Read more at ESPN

F1: Lewis Hamilton sets pace but Ferrari remains in the mix

Lewis Hamilton topped both Friday practice sessions ahead of the Chinese Grand Prix weekend, but Ferrari again showed signs of being able to challenge Mercedes over a race distance.

Following Sebastian Vettel’s victory in Malaysia, the big question heading to China was whether Ferrari could sustain its challenge to Mercedes’ F1 hegemony. The times in first practice suggested the pendulum had swung back in favour of the world champions, but in second practice Kimi Raikkonen offered hope of a genuine battle emerging for the second race in a row.

Raikkonen’s quick lap was within 0.5s of Hamilton’s best, but it was the long-run pace that looked most impressive as his Ferrari proved quick and consistent on the medium tyres. Hamilton said afterwards that his medium tyres “did not feel too good”, but the significantly quicker soft compound looks likely to be the tyre of choice if degradation of the front left is kept under control.

Both Sebastian Vettel and Nico Rosberg failed to impress on their hot laps, with Vettel 0.7s off team-mate Raikkonen and Rosberg running wide at the final corner on his soft tyre attempt. As a result Rosberg was a full second off the pace of Hamilton on a weekend when he needs to reassert himself in the in-team battle at Mercedes.

The laps of Vettel and Rosberg allowed Daniel Ricciardo to go third fastest in the Red Bull, although he was still over a second off Hamilton. Ricciardo was running a low-drag rear wing on the RB11, which helped mask the power deficit of the Renault engine but needs to be balanced against the extra strain the reduced downforce will put on the tyres. He was 0.4s quicker than team-mate Daniil Kvyat running the old rear wing, whose session came to an end in the barriers when his brakes failed at Turn 14.

Valtteri Bottas was seventh fastest for Williams while team-mate Felipe Massa failed to set a representative time after losing his car under braking for Turn 14. Massa was on his quick lap when the rear of the Williams stepped out under braking and grazed the barrier, knocking off the front wing endplate. The accident left Massa 17th by the end of the session and that allowed Jenson Button to creep into the top 10 with a time two seconds off Hamilton’s best. Fernando Alonso was another 0.5s shy of Button in 12th, but the overall performance was positive for McLaren and Honda as they up the performance of the MP4-30 again this weekend.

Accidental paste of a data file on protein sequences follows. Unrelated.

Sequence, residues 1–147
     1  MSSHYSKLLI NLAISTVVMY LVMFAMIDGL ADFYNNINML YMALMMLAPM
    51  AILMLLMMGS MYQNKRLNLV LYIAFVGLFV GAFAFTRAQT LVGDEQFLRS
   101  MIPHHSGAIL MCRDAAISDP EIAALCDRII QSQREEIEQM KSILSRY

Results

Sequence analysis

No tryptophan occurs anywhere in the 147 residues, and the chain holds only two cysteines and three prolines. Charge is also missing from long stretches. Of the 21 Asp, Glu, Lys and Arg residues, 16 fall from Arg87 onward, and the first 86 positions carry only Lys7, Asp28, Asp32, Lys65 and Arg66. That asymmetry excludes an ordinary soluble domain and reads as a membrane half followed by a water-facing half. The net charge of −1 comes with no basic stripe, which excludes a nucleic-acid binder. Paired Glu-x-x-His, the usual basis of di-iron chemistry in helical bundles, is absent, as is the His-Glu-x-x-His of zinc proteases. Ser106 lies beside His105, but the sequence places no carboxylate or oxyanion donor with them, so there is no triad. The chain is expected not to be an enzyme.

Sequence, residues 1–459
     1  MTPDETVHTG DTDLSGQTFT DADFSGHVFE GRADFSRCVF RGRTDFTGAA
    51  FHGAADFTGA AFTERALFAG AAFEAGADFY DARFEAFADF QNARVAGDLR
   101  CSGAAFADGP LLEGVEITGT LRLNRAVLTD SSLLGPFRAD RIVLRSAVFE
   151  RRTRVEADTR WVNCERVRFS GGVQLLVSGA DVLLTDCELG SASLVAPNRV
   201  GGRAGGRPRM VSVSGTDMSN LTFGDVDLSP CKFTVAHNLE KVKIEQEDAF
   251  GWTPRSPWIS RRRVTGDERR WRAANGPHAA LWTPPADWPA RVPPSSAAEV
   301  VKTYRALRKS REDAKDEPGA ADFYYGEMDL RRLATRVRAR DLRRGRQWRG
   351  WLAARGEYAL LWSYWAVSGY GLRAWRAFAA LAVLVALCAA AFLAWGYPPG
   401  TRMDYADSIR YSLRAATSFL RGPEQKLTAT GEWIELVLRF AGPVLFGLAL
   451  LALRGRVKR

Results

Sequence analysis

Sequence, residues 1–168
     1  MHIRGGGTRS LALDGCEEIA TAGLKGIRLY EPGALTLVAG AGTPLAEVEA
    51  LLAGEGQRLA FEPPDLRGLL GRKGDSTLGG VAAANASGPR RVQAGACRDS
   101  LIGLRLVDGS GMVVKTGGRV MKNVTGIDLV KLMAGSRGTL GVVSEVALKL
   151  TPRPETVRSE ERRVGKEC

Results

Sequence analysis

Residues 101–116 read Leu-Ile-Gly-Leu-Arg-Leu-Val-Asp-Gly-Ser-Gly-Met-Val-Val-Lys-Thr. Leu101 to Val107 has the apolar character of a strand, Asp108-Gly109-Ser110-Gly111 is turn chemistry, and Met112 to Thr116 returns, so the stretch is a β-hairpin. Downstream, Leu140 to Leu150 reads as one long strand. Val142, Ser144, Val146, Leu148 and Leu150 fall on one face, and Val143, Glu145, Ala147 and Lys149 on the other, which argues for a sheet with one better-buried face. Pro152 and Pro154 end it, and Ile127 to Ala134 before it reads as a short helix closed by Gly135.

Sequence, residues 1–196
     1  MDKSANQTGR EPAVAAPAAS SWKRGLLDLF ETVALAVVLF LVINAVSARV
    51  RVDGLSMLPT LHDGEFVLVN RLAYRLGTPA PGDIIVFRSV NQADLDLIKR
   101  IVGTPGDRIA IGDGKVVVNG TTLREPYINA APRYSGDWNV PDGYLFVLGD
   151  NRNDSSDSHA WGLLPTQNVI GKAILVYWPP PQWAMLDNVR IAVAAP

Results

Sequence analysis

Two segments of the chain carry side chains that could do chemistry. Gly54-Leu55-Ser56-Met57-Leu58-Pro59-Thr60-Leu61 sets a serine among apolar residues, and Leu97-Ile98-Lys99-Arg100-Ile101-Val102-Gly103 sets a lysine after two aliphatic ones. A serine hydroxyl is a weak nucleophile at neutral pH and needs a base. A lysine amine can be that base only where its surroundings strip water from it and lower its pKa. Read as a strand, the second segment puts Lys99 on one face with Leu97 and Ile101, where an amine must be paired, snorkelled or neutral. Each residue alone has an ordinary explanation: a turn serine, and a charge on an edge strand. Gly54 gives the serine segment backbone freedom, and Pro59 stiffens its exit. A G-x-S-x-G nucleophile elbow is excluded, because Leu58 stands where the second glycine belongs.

The session also had a bizarre and unwelcome interruption when a spectator managed to gain access to the pit straight and sprint across the breadth of the track to the pit wall as a Force India exited the final corner. He was quickly apprehended by marshals and passed on to the police, but the intrusion will be a concern for the race organisers.

Read more at ESPN

F1: Vettel beats Mercedes for first Ferrari win

Sebastian Vettel took his first Ferrari victory at the Malaysian Grand Prix and the first for the team in 35 races after beating Mercedes in a battle of tyre degradation and strategy in the heat of Sepang.

Just two weeks after Mercedes dominated the Australian Grand Prix, Vettel made use of two-stop strategy to beat both Lewis Hamilton and Nico Rosberg in a straight fight. The heat and a well-timed safety car played their part, but it should take nothing away from the drive from Vettel or the new-found performance of the Ferrari.

Kimi Raikkonen underlined Ferrari’s impressive pace by taking fourth despite a puncture on the first lap and fighting back through the field. Williams, meanwhile, struggled in the heat as Valtteri Bottas marked his return from a back injury with a fifth place after passing team-mate Felipe Massa on the penultimate lap. Renault-powered cars rounded out the top ten, although it was Toro Rossos ahead of Red Bulls as Sepang succeeded in throwing up yet another surprise in form.

Hamilton led Vettel away from the start as expected but the race was blown wide open by Marucus Ericsson, who spun on lap four. The resulting safety car opened up strategy options and effectively split the field into two separate races, which would eventually converge in the final stint.

Option one was to pit under the safety car, a strategy adopted by Hamilton and Rosberg, who had to stack in the Mercedes pit box as they came in at the same time. It put them on a three stop strategy, but also delivered them into the middle of the pack for the safety car restart. Vettel and Ferrari went a different way, opting to stay out and make the most of clear air at the front of the field before adopting a two-stop strategy.